For now, I’m just leaving you a list of things I’ve found helpful for the DP-EH600 and 701 printers. Note that the similar-looking BTHT-v6 printer uses a completely different command set.

  • Replacement paper is sold as 2¼” × 30′. Staples have a box of 30 rolls for under $25 (item 279096, not on their website). Longer rolls don’t fit.
  • You’ll need a USB→TTL Serial adaptor, preferably one with DTR control. I use one from JY-MCU. In a pinch, you can use a simpler  Debug / Console Cable for Raspberry Pi, but you risk serial overruns and dodgy results. Remember that RX on the adaptor goes to TX on the printer, and vice versa.
  • A good solid power supply is needed; these printers draw ~8 W when printing. Some printers only support 5 V (for which a 3 amp adaptor would be ideal), others 5-9 V. The higher voltage makes text printing faster. You can’t drive these directly from your Raspberry Pi/Arduino power supply.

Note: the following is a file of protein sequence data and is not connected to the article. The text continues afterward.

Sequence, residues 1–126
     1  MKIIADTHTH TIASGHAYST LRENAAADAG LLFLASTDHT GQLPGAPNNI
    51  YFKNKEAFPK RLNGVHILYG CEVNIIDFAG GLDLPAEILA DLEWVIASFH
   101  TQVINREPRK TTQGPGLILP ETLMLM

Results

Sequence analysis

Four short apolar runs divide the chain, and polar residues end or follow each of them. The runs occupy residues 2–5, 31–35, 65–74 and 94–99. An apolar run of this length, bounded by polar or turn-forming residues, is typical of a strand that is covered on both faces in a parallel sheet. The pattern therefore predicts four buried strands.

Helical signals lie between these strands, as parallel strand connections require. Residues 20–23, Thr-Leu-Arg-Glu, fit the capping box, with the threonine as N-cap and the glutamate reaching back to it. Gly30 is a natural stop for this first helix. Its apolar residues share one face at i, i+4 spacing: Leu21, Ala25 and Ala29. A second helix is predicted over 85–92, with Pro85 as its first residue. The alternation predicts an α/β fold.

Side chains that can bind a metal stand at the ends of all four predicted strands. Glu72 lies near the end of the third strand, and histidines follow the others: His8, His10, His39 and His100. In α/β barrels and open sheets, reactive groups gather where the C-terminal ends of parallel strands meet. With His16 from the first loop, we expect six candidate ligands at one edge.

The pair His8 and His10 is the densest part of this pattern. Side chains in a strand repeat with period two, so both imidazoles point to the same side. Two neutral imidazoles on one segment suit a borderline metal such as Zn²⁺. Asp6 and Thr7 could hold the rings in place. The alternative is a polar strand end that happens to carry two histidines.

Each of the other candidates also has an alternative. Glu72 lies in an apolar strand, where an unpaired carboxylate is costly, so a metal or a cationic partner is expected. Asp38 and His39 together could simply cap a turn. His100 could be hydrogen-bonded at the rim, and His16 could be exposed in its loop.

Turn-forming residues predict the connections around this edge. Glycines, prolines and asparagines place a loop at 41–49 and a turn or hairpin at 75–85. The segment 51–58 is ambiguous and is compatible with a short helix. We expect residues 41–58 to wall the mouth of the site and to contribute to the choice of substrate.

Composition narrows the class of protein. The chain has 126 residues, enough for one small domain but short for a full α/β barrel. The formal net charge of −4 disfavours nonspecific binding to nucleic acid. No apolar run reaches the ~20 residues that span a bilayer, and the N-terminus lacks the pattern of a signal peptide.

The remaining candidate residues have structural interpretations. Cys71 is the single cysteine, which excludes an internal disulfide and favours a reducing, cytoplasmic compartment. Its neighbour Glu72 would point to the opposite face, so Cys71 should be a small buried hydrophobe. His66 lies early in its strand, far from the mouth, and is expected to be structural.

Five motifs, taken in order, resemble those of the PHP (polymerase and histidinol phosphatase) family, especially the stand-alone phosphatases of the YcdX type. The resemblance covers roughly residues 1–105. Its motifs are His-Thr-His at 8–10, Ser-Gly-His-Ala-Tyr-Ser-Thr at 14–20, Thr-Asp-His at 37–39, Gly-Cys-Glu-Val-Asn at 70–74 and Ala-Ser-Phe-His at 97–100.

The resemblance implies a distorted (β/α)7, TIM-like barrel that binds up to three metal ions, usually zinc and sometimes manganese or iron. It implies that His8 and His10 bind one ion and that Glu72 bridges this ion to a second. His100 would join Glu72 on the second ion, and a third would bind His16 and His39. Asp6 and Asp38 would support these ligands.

• Linux serial ports are set to some defaults which may have been historically useful, but now corrupt 8-bit data. A trick I picked up here is to first issue the command
    stty -F /dev/ttyUSB1 0:0:0:0:0:0:0:0:0:0:0:0:0:0:0:0:0:0:0:0:0:0:0:0:0:0:0:0:0:0:0:0:0:0:0:0
    which clears all settings, then set the device up as you need it:
    stty -F /dev/ttyUSB1 speed 9600 raw cs8
    (Most of these printers default to 9600 baud. Your device may be called something different to ttyUSB1.)
  • I’ve written a couple of Python driver stubs which take an image and produce the relevant binary output:
    • scruss / esc-pos-image.py – prints an image as a single command. May not work on the SparkFun printer. Does not work on the BTHT-v6.
    • scruss / esc-pos-image-star.py – prints the image in 24 pixel deep bands. Can sometimes cause visible gaps in the printout, but will work on almost all printers, except the BTHT-v6.